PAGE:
06.12.18

Baldwin Continues Demanding Action from Trump Administration to Hold Drug Companies Accountable for Massive Price Hikes

WASHINGTON, D.C. – U.S. Senator Tammy Baldwin, a member of the Senate Health, Education, Labor and Pensions (HELP) Committee, once again pressed HHS Secretary Alex Azar to identify specific actions the Trump Administration is taking to bring down the prices of prescription drugs.

In continuing to demand real action from the Trump Administration to hold the pharmaceutical industry accountable, Senator Baldwin asked Secretary Azar again to commit to transparency for prescription drug companies that jack up their prices and make it harder for families to afford life-saving medications.

“The evidence is clear: brand-name drug corporations continue to jack up prescription drug prices. It’s unfortunate that when it comes to skyrocketing drug costs, this Administration is still all talk and no action,” said Senator Baldwin following today’s hearing. “I’ve heard from countless Wisconsinites who continue to see dramatic price increases. They are struggling to afford their prescriptions that they have relied on for years and they want Washington to act. My bipartisan FAIR Drug Pricing Act would require transparency and accountability for drug corporations who are jacking up prices for families in need of affordable lifesaving treatments and I am disappointed that the Administration has not yet joined me by supporting this bipartisan effort with Senator McCain.”

Secretary Azar failed to give a straight answer or commit to any policy that would hold prescription drug companies accountable for their recent price hikes, including supporting Senator Baldwin’s bipartisan FAIR Drug Pricing Act. HHS’s own Inspector General recently found that even though seniors used fewer brand-name drugs over five years, Medicare spending on branded drugs increased by more than 62% because of increasing manufacturer prices.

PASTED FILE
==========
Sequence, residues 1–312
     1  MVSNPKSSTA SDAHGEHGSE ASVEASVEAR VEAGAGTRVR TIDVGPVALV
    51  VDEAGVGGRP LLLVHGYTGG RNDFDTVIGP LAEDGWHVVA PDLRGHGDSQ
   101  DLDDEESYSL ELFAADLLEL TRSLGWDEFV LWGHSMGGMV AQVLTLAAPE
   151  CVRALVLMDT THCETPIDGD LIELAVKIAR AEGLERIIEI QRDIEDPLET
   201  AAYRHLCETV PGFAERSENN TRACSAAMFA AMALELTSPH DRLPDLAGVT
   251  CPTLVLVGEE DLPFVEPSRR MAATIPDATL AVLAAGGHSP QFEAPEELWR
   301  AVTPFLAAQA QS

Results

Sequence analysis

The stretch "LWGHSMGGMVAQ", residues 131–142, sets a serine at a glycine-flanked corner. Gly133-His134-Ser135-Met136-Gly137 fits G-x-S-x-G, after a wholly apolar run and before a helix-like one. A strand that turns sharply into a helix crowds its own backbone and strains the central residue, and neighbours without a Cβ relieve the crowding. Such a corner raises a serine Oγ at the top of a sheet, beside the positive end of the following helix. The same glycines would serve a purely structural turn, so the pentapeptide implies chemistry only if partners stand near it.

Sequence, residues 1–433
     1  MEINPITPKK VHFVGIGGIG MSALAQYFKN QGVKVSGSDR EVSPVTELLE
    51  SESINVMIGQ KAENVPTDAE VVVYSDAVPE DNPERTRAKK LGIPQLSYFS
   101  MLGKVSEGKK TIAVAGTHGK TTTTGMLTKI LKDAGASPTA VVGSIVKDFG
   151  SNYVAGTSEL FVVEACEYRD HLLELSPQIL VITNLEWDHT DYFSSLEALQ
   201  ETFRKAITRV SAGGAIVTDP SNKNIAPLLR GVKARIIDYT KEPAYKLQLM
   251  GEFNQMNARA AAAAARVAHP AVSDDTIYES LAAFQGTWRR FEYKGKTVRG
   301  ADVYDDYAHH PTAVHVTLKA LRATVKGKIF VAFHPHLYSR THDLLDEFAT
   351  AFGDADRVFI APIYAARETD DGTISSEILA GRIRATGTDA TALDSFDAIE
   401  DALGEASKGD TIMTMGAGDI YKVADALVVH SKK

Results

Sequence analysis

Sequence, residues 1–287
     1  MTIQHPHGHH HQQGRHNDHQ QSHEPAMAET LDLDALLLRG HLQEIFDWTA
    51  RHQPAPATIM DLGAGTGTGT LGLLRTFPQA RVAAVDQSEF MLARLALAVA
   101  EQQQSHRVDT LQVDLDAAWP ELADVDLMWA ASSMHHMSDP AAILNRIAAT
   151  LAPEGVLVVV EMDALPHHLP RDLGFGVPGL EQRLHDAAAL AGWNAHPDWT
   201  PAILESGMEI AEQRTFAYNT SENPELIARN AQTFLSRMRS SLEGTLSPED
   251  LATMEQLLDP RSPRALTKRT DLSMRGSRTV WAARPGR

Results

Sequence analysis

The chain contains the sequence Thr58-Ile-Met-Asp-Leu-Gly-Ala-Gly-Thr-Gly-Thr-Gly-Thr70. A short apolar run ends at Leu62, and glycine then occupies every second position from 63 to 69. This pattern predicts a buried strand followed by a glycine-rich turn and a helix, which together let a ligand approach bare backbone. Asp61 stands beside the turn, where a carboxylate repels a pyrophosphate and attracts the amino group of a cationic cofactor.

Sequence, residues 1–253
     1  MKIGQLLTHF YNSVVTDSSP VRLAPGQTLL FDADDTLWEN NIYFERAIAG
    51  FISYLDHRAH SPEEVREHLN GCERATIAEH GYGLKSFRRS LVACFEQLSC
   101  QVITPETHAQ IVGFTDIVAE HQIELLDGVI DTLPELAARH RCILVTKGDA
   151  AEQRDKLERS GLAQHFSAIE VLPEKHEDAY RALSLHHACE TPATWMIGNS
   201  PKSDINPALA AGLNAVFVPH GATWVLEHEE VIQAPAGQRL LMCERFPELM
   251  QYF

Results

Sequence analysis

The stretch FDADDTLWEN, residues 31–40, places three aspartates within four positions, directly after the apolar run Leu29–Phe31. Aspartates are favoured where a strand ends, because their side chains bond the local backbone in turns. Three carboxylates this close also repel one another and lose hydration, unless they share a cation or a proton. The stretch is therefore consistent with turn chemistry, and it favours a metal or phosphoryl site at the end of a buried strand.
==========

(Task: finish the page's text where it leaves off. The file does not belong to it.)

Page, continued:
Reports show that last year, the pharmaceutical industry spent over $170 million on lobbying, deploying over 880 lobbyists to influence Washington. This investment has paid off for their CEOs and shareholders, as first quarter earnings showed seven of the largest drug companies together saw $12.1 billion in profits since the beginning of 2018. Meanwhile, large drug corporations received a tax cut from the Republican tax bill and have spent a combined $50 billion on new stock buybacks that enriched shareholders and corporate executives while drastically increasing prices on existing drugs.  Furthermore, the 18 pharmaceutical companies in the S&P500 spent an average of ninety-nine percent of their profits on buybacks and dividends over the last ten years.

In February, Senators Baldwin and McCain sent a letter to President Trump urging him to hold the pharmaceutical industry accountable and make good on his promise to lower the skyrocketing prescription drug prices that American families are struggling to afford. Baldwin and McCain co-authored the FAIR Drug Pricing Act, which would begin to address skyrocketing prescription drug prices and hold pharmaceutical companies accountable by requiring transparency for pharmaceutical corporations that plan to increase drug prices. The bill would not prohibit manufacturers from increasing prices, but it would, for the first time, give taxpayers notice of price increases and bring basic transparency to the market for prescription drugs.